In a word . . . Doggerel

A kind reader (there being no other type!) stopped me in my tracks – so to speak – recently with an odd request. It was so charmingly put, and flavoured with such sweet flattery I had to, there and then, press the pause button in my psyche and say to myself: “Stall the jigger a minute, boy.”

I realised that, however I wracked what passes for my brain, I was at my wit’s end to help this man. But hark! A voice like thunder spake (it happens). And it said: “Why not ask the kind readers?”

It is a touching story really. This man’s late father used to quote snippets “of nonsense songs or rhymes (doggerel?) that he said his father in turn used to relate, so they would go back to the late 1800s”. In west Kerry.

The reader wondered, “Is there any anthology or source that collects such stuff?” I had no answer. Maybe you have.

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He provided examples of his father’s and grandfather’s “nonsense songs”. Here’s one: “A doctor from the south/Took a month to find his mouth/He thought it was somewhere behind his ear . . .”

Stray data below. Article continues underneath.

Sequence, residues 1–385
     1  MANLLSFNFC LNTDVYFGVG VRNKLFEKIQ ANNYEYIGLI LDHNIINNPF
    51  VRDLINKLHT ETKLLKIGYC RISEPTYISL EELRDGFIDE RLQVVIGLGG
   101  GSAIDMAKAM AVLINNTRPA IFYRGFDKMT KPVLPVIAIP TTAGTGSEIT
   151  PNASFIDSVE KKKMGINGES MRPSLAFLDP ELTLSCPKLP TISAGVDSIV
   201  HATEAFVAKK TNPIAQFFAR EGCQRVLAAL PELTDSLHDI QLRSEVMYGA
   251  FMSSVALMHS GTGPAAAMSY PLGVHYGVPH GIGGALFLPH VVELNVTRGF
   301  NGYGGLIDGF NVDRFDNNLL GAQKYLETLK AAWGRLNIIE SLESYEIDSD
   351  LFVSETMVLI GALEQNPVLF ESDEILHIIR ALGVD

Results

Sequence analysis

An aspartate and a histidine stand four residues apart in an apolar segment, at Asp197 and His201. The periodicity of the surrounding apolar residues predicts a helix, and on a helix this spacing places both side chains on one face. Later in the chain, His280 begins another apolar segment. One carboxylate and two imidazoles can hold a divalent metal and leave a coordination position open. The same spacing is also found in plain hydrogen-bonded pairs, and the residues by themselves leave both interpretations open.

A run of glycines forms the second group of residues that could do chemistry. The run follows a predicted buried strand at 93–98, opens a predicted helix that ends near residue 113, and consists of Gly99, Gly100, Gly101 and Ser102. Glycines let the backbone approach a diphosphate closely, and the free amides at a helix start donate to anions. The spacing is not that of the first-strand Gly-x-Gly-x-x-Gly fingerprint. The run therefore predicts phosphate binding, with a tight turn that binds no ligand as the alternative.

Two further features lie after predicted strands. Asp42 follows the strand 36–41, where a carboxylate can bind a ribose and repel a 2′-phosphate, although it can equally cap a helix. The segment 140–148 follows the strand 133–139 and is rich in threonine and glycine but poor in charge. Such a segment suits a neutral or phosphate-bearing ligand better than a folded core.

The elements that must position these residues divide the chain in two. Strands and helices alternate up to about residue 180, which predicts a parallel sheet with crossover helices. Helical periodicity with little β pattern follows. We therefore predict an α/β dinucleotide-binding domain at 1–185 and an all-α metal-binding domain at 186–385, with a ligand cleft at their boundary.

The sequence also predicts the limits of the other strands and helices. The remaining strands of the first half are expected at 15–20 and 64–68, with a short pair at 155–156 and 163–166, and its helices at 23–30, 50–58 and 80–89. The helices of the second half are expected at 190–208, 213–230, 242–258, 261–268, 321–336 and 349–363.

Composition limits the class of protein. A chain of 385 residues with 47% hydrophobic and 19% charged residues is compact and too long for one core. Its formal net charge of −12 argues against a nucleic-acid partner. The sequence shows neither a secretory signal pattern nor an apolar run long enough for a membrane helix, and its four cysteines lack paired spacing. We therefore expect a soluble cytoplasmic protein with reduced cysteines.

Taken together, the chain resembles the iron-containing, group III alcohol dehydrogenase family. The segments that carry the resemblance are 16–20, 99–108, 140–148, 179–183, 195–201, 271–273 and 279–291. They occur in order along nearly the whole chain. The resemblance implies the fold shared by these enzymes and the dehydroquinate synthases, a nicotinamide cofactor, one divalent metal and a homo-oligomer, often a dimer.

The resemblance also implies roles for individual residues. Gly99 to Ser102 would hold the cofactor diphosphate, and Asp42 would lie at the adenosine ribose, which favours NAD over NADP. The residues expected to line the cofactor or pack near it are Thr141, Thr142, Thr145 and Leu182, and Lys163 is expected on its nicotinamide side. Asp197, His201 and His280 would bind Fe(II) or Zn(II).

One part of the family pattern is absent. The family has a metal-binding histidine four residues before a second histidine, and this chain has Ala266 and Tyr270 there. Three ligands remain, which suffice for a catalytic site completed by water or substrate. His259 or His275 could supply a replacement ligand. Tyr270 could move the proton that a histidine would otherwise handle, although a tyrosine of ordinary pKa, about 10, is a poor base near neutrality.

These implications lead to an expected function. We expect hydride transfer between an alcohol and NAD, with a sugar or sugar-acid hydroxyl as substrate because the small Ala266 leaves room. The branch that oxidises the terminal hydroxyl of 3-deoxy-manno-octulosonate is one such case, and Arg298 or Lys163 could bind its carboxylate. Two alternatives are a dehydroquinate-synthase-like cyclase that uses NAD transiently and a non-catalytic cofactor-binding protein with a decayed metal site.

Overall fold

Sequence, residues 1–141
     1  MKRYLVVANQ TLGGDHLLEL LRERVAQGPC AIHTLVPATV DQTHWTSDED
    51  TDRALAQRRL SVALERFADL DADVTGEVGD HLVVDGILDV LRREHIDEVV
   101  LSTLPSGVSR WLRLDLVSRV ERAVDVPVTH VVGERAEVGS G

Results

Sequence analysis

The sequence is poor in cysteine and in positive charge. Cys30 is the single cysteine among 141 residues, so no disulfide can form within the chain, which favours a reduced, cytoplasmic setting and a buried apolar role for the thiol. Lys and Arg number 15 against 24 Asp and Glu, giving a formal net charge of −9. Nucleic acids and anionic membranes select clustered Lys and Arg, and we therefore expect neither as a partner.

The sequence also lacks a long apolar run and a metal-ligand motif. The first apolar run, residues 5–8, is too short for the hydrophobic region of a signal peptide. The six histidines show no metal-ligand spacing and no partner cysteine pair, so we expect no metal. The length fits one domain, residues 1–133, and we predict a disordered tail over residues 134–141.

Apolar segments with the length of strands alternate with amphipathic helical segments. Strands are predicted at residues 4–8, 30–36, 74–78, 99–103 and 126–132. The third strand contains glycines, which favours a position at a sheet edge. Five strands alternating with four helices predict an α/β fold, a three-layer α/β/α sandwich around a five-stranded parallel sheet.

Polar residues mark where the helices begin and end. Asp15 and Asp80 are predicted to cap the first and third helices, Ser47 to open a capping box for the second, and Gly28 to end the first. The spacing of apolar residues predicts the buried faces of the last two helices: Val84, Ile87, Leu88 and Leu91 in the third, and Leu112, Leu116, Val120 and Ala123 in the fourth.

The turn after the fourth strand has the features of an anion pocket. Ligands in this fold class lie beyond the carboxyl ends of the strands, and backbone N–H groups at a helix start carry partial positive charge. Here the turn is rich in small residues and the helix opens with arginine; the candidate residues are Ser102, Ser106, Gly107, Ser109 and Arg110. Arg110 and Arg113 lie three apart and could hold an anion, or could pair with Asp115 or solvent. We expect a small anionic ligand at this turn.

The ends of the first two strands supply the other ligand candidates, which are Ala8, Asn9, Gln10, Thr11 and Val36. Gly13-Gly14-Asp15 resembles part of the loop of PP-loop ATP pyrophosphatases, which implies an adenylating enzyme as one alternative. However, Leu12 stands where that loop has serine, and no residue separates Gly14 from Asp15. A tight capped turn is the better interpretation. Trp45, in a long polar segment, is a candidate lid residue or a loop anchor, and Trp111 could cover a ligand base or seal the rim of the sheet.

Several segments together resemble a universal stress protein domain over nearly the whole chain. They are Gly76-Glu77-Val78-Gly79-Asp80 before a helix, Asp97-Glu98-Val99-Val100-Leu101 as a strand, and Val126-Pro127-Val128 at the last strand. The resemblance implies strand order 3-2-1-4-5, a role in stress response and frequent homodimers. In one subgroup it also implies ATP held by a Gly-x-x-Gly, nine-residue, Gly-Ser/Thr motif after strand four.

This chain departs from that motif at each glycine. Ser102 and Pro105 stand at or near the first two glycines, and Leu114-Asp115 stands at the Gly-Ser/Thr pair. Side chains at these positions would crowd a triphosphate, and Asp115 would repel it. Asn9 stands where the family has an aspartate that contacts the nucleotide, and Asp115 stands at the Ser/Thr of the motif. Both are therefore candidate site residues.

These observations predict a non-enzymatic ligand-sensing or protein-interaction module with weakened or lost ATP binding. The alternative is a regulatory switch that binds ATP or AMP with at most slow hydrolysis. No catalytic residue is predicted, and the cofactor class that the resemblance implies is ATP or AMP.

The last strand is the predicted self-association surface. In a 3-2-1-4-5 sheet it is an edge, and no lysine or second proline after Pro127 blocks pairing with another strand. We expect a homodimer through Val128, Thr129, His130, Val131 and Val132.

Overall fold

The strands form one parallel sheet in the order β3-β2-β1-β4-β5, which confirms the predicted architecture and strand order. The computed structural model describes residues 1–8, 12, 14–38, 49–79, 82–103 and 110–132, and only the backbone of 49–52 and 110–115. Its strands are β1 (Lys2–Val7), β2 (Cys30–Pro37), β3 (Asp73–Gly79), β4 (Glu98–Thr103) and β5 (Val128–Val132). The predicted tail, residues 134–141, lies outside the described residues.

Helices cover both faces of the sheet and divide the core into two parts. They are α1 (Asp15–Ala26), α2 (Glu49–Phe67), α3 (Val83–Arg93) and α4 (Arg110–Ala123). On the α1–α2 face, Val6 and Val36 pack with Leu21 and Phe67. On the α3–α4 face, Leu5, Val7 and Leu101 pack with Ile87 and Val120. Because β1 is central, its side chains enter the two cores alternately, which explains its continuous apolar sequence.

Here’s another: “I was shipwrecked on an island/to wind and rain exposed-ah/surrounded by cannibals, it was their native shore-ah./They addressed me in a language, decidedly their own-ah/Charlie G Jippidy I/ Jippidy I exposed-ah/ Ikey Sikey Deekerikey/Jonny go walloping Norah.”

Clear as day to me,-ah! The poor reader said, “These rhymes regularly jump into my head and I would love to know if there is any beginning or end to them”. Can you help? If you think so email me at the address below and I’ll forward your response.

Meanwhile, it won't surprise you to hear I've always liked the odd bit of doggerel myself. But far and away my favourite in that select genre is by Lewis Carroll. In his Through the Looking Glass lies Jabberwocky, a masterpiece which makes Finnegans Wake (ahem) seem like, well, doggerel. It begins: "Twas brillig, and the slithy toves/ Did gyre and gimble in the wabe:/All mimsy were the borogoves,/And the mome raths outgrabe."

Pure poetry. So lyrical-aahh . . .

Doggerel is thought by the experts to derive from “dog”, as in being fit only for dogs (who read presumably), and applies to bad poetry where rhyme is forced or banal. Which means they haven’t a clue. Pathetic really.